Last night we saw my beloved Ryan Adams at the Pageant. Several things went down that made it a great night. One, I knew the night would be better than usual when we got a parking space RIGHT IN FRONT OF THE PAGEANT. There was a line of like seventy people who just watched us pull up VIP style. Props to Rev Em, who spotted what we would have passed because there's no way normal people get this kind of parking.

So before the show, Rev Em, Chris, Susan and I went to PinUpBowl to have some drinks before the show, and who should walk by but Brian Dunn, former local celebrity in K-Ville as a sportscaster for KTVO News. We used to give this guy shit like no one's business. Once, Emily showed up at a party at her own house, wasted from going to a frat formal with an awkward date, to find this guy in the kitchen, the sight of which prompted her to ask, "How many local sportscasters can you fit in a kitchen anyway?" Which was awesome. So of course, we stalked him down the street and into the Pageant, where, after greeting Beth (the puker from Bob Schneider, who wasn't puking) yelled "BRIAN DUNN!!!" then ran upstairs. I love acting like a twelve-year-old.

On to the show. Setlist is as follows:

Peaceful Valley
Please Do Not Let Me Go
Dear Chicago
What Sin
A Kiss Before I Go
To Be Young
The End
Shakedown on 9th Street
Franklin's Tower
I See Monsters
Stella Blue
Beautiful Sorta
Lost Satellite
Dear John
Magnolia Mountain
Cold Roses
Bartering LInes
Madonna, Sean and Me

It was a rock show, for sure, depite the fact that he played with the Cardinals. It reminded me of Wilco, a band whose roots are alt-country but have gone rock with distortion in recent years. My favorites were Shakedown, Please Do Not Let Me Go, Beautiful Sorta, and To Be Young. Those were the songs (except for PDNLMG) that made me wish I was on the floor rockin' out. Every song just had a rock edge to it. I didn't expect like it as much as I did, because I really love Ryan's acoustic, naked, raw sounds, but this was just what I was in the mood for. Who can pull off covering Sonic Youth, the Dead, and Gram Parsons in one set? Ryan Adams, THAT'S WHO!

The best part of the show was Adams onstage persona. The last time I saw him, he really was a dick. Like he was so put out that he had to perform and fans just gave him angst. He has a reputation for acting as such. This time, he was, dare I say, affable? He chatted with the Cardinals, gave props to STL and the audience, and honored the STL scene by commenting "I love this place. So many fucking good bands come from here." Hell yeah. He also had on red sparkly heeled boots and said that he can't stop smelling like an onion factory. Oh. He played until 11:45, which apparently the Pageant didn't like, because they turned the lights on during his last song. Ouch. The last time I was at a show where that happened was 1994, and my principal pulled the plug on Local H at the middle school gym. LAME.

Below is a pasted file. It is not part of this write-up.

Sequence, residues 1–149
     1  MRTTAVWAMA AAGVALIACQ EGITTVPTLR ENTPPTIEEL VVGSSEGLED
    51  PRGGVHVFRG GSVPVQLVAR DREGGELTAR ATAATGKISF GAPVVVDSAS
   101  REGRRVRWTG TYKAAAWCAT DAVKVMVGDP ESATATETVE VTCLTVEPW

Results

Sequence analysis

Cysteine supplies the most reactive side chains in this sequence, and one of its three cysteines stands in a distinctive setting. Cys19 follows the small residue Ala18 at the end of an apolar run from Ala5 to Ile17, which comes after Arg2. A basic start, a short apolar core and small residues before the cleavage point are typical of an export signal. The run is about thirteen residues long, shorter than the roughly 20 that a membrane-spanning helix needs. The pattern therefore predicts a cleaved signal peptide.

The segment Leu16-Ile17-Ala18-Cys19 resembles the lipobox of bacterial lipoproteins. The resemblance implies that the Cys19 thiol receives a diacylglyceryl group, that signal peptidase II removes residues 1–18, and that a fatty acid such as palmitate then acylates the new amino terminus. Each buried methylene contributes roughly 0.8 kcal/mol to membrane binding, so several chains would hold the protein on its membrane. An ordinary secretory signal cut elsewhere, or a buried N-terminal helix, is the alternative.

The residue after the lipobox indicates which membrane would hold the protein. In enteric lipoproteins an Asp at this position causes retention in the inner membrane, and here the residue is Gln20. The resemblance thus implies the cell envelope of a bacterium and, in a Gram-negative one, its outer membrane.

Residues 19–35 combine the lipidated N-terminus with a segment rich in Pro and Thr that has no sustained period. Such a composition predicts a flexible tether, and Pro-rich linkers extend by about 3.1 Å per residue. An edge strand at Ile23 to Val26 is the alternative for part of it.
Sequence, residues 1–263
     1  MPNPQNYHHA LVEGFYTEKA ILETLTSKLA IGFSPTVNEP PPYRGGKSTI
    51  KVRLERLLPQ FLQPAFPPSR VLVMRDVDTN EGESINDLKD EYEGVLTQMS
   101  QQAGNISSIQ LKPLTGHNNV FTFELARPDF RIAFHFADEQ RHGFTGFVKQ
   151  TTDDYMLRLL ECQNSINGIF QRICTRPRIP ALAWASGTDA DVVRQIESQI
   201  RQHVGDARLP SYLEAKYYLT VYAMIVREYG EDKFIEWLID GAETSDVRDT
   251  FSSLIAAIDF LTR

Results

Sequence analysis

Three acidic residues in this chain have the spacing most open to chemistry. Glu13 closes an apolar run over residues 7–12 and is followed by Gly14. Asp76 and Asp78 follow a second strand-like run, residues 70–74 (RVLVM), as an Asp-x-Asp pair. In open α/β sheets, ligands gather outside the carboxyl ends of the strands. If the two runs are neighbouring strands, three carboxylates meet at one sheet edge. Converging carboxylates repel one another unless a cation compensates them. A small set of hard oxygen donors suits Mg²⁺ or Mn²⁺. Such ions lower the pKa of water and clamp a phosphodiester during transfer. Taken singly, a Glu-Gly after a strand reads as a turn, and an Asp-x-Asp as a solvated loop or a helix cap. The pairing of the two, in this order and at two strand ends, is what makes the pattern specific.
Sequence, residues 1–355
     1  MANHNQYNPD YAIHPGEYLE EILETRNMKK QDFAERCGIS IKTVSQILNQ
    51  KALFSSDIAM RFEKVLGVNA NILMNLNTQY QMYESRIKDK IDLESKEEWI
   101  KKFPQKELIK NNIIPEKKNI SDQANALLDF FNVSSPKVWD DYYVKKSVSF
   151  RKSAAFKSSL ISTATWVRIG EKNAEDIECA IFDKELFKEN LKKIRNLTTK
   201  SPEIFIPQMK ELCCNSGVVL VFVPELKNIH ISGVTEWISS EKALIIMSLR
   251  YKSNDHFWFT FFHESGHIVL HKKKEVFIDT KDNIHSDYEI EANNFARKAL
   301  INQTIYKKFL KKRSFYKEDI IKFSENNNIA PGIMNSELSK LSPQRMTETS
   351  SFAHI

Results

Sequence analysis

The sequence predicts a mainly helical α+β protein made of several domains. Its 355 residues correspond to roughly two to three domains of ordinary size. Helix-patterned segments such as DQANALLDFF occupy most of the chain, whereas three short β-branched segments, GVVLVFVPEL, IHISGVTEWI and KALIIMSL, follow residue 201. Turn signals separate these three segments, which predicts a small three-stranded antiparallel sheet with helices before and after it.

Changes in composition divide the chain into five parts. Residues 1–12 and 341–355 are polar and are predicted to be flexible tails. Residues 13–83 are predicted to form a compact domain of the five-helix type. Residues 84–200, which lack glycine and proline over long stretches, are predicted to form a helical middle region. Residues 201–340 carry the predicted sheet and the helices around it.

Anyway, I hope the show silenced the haters who think Adams is pure egotistical asshattedness, because I think he really showed his talent, versatility, and an actual likable personality. It's rumored that he's releasing three new discs in the next year. I will buy every one.

After the rockout, I had to get up hella early and spend the day with my StuCo, so I'm a little tired. I must watch Carrie and Austin do it on Days and then take a nap. Will Sami and Lucas walk in on them? I FUCKING HOPE SO!


I think it would be awesome if Oprah interviewed Jason Mewes.

Score one for clerks everywhere.

The City Council of Chicago last week overwhelmingly passed a measure that requires "big box" retailers to pay their employees a minimum of $10/hour plus $3/hour in benefits by mid 2010. This is fucking awesome. Mayor Daley, who didn't support the measure, couldn't veto the ordinance because it received enough votes that made it veto-proof.

Basically, this affects all retail stores having more than 90,000 square feet or over one billion dollars in annual sales, and it was targeted at Target and Wal-Mart. Daley and those who are against the ordinance claim that the ordinance will prevent those businesses from developing in Chicago, losing jobs, and effectively worsening the economy. To this, I call bullshit on several levels:

1) As long as there is money to be made, I doubt Wal-Mart/Target/Best Buy/BBB will stay out of the entire city of Chicago. The city council is calling their bluff.

2) Even if those businesses don't come and don't produce jobs, that doesn't mean that no development will happen. Other businesses can and will still choose to open in Chicago.